Chapter 13 – The Priest King: Psalm 110

This has been called by Luther the most beautiful of the Psalms. It is the picture of Christ upon His mediatorial throne. We have seen Him as the suffering Savior in the twenty-second Psalm; as the Shepherd in the twenty-third; as the risen and ascended Lord in the twenty-fourth and sixty-eighth Psalms. Now we see Him seated upon His throne in the one hundred and tenth Psalm, reigning over His mediatorial kingdom and exercising His holy priesthood as our Advocate with God.


1. He is a divine King. “The Lord said unto my Lord.” He Himself is called Lord, not only by David, but by the eternal Father. We see two divine personalities here: “the Lord” and “my Lord.” This is not uncommon in the Old Testament, and a very dull eye can find in many places the evidence of the divine Trinity, even in the Hebrew Scriptures. How glad we are to know that our King is the Lord of heaven and earth, and nothing can be too hard for Him!

2. Back of Him there is another person as mighty and divine — the Father. There is a power behind the throne, even all the Godhead.

We read in Daniel of these two personalities: “The Ancient of Days” who came in the clouds of heaven, and “The Son of man” who came with Him, and to whom He gave the kingdom and a dominion which should never pass away. He can say, “All things that the Father has are mine” ; “All power is given unto me in heaven and in earth”; and above all the rage of the heathen and the wrath of His enemies, “He that sits in the heavens” said, “Yet have I set my king upon my holy hill of Zion.” “Kiss the Son, lest he be angry, and you perish from the way.”

3. He is ruling over a rebellious empire. He is not acknowledged. He is not as yet a millennial king as we see Him in other Psalms, seated upon a peaceful throne, but He is in the midst of a conflict, and waging the holy war of gospel dispensation against sin and Satan. But amid all opposition and conflict, he is calmly seated upon His throne, not dismayed or distracted by the violence of His foes, but “expecting until his enemies be made his footstool.” He is confident of victory. He sees ever before Him the issue; and while amid the smoke of the battle we may be often perplexed and discouraged, yet He is smiling calmly at our fears and waiting for the consummation of all His plans and all our hopes.

4. He is the King of Righteousness. The name of His glorious type, Melchizedek, suggests this. The two roots of the word signify “king” and “righteousness.” This does not merely mean that He is the righteous King, but it means especially that He is a King who dispenses righteousness to His followers and subjects. Other kings require righteousness from them, but His business is to give them righteousness, to make them holy, and just, and good. He takes them as a race of sinners, justifies them freely through His grace, and then imparts to them His own spirit and nature, and makes them partakers of His righteousness. It is His royal gift to us. Let us take it freely. He came “that we being delivered out of the hand of our enemies might serve him without fear, in holiness and righteousness before him, all the days of our life.”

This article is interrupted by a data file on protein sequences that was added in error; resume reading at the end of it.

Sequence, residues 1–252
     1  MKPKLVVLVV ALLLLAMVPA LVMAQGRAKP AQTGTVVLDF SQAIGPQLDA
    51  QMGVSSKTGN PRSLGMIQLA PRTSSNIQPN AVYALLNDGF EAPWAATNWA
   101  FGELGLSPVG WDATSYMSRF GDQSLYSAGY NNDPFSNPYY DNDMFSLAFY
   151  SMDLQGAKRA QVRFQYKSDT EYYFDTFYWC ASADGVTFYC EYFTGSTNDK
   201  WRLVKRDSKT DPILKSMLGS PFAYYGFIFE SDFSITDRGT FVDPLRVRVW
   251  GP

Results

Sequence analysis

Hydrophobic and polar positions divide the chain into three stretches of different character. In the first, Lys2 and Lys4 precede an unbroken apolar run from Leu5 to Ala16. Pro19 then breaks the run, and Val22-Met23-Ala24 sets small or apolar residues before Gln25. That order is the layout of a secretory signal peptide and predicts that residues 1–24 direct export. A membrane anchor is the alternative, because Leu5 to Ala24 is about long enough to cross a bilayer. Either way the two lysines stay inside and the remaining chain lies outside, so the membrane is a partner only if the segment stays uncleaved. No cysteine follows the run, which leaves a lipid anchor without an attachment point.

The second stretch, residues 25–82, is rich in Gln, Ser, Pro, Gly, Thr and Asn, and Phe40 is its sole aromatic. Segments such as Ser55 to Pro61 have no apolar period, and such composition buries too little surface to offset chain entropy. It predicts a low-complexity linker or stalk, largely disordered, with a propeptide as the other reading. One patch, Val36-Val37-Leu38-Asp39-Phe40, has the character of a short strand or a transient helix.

5. He is the King of Peace. For Melchizedek was the King of Salem, which means peace. This is His next royal gift — peace. It is His great legacy. “Peace I leave with you, my peace I give unto you.”

It is His royal benison to all His subjects. He is the Prince of Peace. They that follow Him find rest unto their souls and know the peace of God that passes all understanding. Has He given us His righteousness and His peace? Do we dwell with Him in the land of rest where “the work of righteousness shall be peace; and the effect of righteousness quietness and assurance forever”?

6. He is our Great High Priest. Not only does He rule over us, and for us, but stands between us and all our sins and their present and eternal consequences. He settles for us every question that can rise between us and God. He represents us in heaven in all our interests. He keeps our relations with God ever right. He secures for us the grace we need from moment to moment and day to day. He presents our petitions to the Father, taking out of them their faults and imperfections, correcting and directing them, and adding to them His own intercessions, mingling with them the incense of His perfect offering, and claiming acceptance for them through the merits of His own all-prevailing name.

Like the priests of old, He bears our names upon His shoulders in the place of strength, carrying all our burdens and bearing all our sorrows. Like Aaron, He bears our names upon His breast as well as on His shoulders, carrying us in the place of sympathy and love. “Seeing then that we have a great high priest” who is “touched with the feeling of our infirmities”; “who can have compassion on the ignorant, and on them that are out of the way”; “let us therefore come boldly unto the throne of grace, that we may obtain mercy, and find grace to help in time of need.” Such is the picture of our great Priest-King.

His ancient type of Melchizedek stands in the record of the past like the great sphinx of the desert, a strange enigma.